This is the second OCHA Flash Update on Typhoon Nari (Santi), which is being sent on behalf of Mr. David Carden, Head of Office, OCHA Philippines. The next Flash Update will be issued as soon as more information is available.
The effects of Typhoon Nari (locally named 'Santi') has left at least 13 people dead and thousands displaced in Northern Philippines. The National Disaster Risk Reduction Management Council (NDRRMC) has reported over 200,000 people affected by the typhoon. More than 43,000 people (or 9000 families) are displaced, some living with host families and others in evacuation centres. More than 16,500 homes have been damaged.
Nari pummeled Central Luzon early Saturday morning, ripping roofs off buildings and leaving more than two million people without electricity. As of Sunday, many areas were still without power. Bulacan province suffered extensive damage from flooding, with several villages still submerged and rice and vegetable farms damaged or destroyed. The local government of Nueva Ecija province also reported damage to several hectares of rice farms.
Over 3,000 people were stranded at several seaports in the country, the Philippine Coast Guard (PCG) reported. Sea travel remains risky over the seaboards of Northern Luzon, western seaboard of Central Luzon, western and southern seaboards of Southern Luzon and over the western seaboard of Western Visayas.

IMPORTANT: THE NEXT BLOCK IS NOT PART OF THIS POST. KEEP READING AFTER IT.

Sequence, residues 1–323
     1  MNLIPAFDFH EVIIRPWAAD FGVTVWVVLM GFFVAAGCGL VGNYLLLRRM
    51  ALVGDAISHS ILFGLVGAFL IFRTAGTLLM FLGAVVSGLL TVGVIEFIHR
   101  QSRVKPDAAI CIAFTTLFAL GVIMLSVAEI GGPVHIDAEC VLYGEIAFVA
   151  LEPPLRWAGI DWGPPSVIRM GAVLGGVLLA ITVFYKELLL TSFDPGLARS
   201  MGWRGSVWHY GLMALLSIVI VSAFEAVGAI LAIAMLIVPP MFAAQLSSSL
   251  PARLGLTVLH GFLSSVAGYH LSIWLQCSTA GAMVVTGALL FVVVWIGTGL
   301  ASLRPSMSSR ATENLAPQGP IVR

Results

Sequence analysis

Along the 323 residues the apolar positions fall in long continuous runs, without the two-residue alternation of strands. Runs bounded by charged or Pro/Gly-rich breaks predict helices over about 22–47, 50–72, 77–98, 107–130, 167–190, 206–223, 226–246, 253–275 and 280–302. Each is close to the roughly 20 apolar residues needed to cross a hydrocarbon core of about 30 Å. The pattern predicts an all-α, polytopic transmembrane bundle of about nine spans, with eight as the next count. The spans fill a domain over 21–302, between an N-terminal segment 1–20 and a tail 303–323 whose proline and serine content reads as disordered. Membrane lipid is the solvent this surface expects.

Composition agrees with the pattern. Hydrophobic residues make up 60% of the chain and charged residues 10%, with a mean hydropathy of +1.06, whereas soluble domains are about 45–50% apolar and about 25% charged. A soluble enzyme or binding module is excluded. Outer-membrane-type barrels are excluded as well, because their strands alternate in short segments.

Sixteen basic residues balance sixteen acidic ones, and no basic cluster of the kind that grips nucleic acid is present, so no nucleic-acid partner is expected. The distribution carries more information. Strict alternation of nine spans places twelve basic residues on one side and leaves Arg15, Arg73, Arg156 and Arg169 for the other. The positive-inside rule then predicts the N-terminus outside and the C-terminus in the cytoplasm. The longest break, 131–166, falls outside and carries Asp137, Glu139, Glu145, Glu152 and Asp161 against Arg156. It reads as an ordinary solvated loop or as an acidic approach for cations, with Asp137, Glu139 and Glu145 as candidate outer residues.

Authorities are conducting rescue and relief operations in the affected areas. Teams from local governments are working to restore electricity and clear debris from roads. However, access to some of the areas is difficult as most roads are either blocked or damaged. So far, the Government has provided over PHP 600,000 worth of relief to some of the worst affected families. As of 13 October, there has been no request for international assistance by the Government. The United Nations and it's humanitarian partners stand ready to support the Government's ongoing efforts to help the affected people.
After sweeping across the country, Nari blew out to the South China Sea with peak winds of 120 kilometers per hour, the state weather service reported. Projections from the Hong Kong Observatory suggest the storm gathering pace over the coming days as it heads towards the northeast coast of Vietnam. Meanwhile, authorities say they are monitoring a second storm 'Wipha' which is still at the Pacific Ocean and may enter the Philippines on Monday morning.
For further information, please contact:
David Carden, Head of Office, OCHA Philippines, firstname.lastname@example.org, Tel: +63 2 901 0265, Mobile: +63 917 513 9924 Prerna Suri, Public Information Officer, OCHA Regional Office for Asia and the Pacific, email@example.com, Tel: +66 2288 2856, Mobile: +66 9 2261 8523
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